The LNP’s victory was especially noteworthy in returning a candidate who at 20 years of age was the youngest person ever elected to an Australian parliament. Wyatt Roy had won preselection at a local party ballot the previous March, at which time the seat was not considered one the party had much cause to be optimistic about. A University of Queensland student, electorate officer to state Glass House MP Andrew Powell and president of the Sunshine Coast Young Liberal National Party, Roy reportedly impressed party members with his pitch at the preselection meeting, and performed well in subsequent media appearances. His win in the ballot ahead of former Caboolture councillor Peter Flannery and local businessman Steve Attrill was confirmed by the party’s state council, despite criticism from Mal Brough who queried how such a candidate would connect with the the electorate’s “large component of veterans and seniors”.

Labor’s candidate for the coming election is Michael Caisley, an organiser with the Left faction United Voice union (formerly the Liquor Hospitality and Miscellaneous Workers Union). Meanwhile, Mal Brough will be seeking to return to politics as LNP candidate for the electorate’s northern neighbour, Fisher.

William Bowe — Editor of The Poll Bludger

William Bowe

Editor of The Poll Bludger

William Bowe is a Perth-based election analyst and occasional teacher of political science. His blog, The Poll Bludger, is one of the most heavily trafficked forums for online discussion of Australian politics, and joined the Crikey stable in 2008.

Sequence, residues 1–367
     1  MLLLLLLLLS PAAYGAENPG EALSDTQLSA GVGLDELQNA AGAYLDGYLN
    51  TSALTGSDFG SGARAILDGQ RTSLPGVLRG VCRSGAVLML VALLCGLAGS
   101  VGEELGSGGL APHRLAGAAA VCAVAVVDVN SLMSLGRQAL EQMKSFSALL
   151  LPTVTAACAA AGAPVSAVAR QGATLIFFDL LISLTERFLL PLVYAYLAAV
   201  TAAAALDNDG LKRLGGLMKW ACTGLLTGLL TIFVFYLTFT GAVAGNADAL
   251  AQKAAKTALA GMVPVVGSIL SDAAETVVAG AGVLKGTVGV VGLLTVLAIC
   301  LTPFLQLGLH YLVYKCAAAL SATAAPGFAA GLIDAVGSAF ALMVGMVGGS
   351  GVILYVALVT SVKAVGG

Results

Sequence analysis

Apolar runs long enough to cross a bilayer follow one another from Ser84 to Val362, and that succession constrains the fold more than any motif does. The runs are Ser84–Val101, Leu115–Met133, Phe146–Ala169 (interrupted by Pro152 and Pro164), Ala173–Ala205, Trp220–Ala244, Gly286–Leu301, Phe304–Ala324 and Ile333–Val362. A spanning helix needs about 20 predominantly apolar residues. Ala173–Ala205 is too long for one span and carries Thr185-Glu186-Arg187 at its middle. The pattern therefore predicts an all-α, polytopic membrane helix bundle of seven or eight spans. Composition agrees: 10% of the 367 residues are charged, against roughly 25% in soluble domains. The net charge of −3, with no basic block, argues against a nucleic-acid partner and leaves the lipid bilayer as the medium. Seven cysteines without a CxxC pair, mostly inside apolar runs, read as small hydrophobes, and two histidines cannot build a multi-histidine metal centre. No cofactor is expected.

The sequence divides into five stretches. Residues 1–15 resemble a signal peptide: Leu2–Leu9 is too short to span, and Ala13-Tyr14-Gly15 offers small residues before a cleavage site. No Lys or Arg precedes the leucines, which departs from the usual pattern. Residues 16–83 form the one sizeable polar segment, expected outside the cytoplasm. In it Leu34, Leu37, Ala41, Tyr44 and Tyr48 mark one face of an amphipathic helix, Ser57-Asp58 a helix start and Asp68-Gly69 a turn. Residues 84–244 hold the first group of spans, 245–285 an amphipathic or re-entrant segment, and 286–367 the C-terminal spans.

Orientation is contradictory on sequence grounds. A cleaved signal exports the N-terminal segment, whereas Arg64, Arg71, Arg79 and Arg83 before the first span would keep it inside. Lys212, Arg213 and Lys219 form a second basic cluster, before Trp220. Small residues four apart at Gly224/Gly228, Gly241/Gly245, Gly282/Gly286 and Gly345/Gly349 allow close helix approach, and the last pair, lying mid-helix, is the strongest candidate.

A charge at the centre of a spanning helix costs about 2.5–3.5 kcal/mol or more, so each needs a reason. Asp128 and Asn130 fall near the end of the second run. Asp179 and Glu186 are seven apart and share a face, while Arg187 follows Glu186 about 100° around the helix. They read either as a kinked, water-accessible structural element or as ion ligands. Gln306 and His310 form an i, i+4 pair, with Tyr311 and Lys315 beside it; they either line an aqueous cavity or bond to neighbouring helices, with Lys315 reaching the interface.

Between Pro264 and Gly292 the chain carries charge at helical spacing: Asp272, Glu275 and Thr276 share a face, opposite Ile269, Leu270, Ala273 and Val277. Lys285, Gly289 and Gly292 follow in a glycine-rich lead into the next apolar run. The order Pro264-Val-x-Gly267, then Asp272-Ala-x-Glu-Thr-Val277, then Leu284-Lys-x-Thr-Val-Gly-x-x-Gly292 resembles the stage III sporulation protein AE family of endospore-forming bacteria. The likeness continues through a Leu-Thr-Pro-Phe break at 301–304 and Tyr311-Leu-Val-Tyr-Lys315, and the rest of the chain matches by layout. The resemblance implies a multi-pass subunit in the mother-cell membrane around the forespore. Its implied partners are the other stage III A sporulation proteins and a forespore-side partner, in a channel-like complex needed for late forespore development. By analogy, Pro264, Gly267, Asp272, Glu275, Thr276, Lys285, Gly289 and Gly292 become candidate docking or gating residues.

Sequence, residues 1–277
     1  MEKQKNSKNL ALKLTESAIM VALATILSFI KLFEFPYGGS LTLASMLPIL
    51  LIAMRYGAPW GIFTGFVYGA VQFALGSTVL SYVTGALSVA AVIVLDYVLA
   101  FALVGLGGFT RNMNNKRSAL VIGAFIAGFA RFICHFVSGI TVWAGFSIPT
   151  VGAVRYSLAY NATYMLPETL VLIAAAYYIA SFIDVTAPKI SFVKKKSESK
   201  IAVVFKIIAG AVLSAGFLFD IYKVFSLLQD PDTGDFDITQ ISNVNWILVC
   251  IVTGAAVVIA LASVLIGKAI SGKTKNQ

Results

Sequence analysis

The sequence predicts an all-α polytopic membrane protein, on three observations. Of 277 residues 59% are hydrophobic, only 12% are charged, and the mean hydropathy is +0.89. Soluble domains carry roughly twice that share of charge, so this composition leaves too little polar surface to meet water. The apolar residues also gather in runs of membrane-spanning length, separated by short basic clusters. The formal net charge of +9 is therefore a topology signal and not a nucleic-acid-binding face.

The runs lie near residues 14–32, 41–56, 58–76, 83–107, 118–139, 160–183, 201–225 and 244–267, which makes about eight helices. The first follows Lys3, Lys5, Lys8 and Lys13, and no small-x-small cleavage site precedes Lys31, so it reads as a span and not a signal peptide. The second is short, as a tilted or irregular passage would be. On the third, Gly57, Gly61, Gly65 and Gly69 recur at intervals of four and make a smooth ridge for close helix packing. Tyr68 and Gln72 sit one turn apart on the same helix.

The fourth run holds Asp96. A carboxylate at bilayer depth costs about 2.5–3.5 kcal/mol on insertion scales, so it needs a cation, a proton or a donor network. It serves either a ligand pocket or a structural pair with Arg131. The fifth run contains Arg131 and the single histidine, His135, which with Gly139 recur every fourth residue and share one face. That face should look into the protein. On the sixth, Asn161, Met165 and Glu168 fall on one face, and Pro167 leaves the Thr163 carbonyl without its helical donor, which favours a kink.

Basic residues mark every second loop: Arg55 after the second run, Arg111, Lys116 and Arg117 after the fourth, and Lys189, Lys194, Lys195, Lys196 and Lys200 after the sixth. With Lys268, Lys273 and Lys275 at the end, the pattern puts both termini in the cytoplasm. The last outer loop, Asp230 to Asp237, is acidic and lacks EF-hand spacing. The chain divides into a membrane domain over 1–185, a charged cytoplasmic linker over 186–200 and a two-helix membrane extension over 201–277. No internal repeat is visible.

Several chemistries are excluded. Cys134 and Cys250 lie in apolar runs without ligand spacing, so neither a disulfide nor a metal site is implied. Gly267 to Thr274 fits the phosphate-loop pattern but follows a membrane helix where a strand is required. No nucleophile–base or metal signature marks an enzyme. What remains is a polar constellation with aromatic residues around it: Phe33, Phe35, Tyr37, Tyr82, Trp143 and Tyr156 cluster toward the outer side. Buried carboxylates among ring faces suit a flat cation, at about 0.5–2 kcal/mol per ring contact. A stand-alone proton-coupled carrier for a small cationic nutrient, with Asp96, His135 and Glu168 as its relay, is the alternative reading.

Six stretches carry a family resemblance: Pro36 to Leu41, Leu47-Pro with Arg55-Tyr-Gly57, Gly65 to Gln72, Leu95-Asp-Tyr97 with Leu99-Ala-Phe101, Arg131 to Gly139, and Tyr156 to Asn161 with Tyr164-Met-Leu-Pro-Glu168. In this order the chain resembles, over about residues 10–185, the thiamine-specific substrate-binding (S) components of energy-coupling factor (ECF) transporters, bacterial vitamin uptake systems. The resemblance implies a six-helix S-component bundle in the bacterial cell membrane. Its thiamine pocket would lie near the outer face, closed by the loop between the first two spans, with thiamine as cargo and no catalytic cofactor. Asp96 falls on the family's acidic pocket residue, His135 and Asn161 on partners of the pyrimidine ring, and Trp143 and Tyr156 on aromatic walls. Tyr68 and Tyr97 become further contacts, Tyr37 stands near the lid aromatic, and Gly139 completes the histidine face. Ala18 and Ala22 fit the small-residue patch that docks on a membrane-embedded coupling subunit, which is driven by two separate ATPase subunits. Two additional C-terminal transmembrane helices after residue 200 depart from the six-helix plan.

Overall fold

Get a free trial to post comments
More from William Bowe


We recommend

From around the web

Powered by Taboola


2,056 thoughts on “Seat of the week: Longman

  1. guytaur

    Poms showing lack of faith in ability to get wicket out with delaying tactics

  2. my say

    should of stayed her William to watch and read history
    may be now the history is broken by another heading

  3. Carey Moore

    I take back all the defending I did of Broad yesterday. The guy is a grubby bad sport.

  4. Kevin Bonham


    Nielsen is not a reliable poll, but if Essential 50/50 tomorrow then goodbye Tony.

    Essential’s sample this week would have to be about 52-48 to ALP for that to happen. But I don’t think serious political players care two hoots about Essential.

  5. Kinkajou

    Broad sharp practice with the bootlaces to match his not walking….spirit of the game?

  6. lefty e

    [GhostWhoVotes ‏@GhostWhoVotes 4m
    #Nielsen Poll 2 Party Preferred: ALP 50 (+7) L/NP 50 (-7) #auspol
    GhostWhoVotes ‏@GhostWhoVotes 3m
    #Nielsen Poll Primary Votes: ALP 39 (+10) L/NP 44 (-3) GRN 9 (-2) #auspol
    GhostWhoVotes ‏@GhostWhoVotes 2m
    #Nielsen Poll Rudd: Approve 51 (+15 compared to Gillard) Disapprove 43 (-18) #auspol
    GhostWhoVotes ‏@GhostWhoVotes 2m
    #Nielsen Poll Abbott: Approve 41 (-3) Disapprove 56 (+3) #auspol
    GhostWhoVotes ‏@GhostWhoVotes 1m
    #Nielsen Poll Preferred PM: Rudd 55 (+14 compared to Gillard) Abbott 41 (-9) #auspol]

    Monkey caught.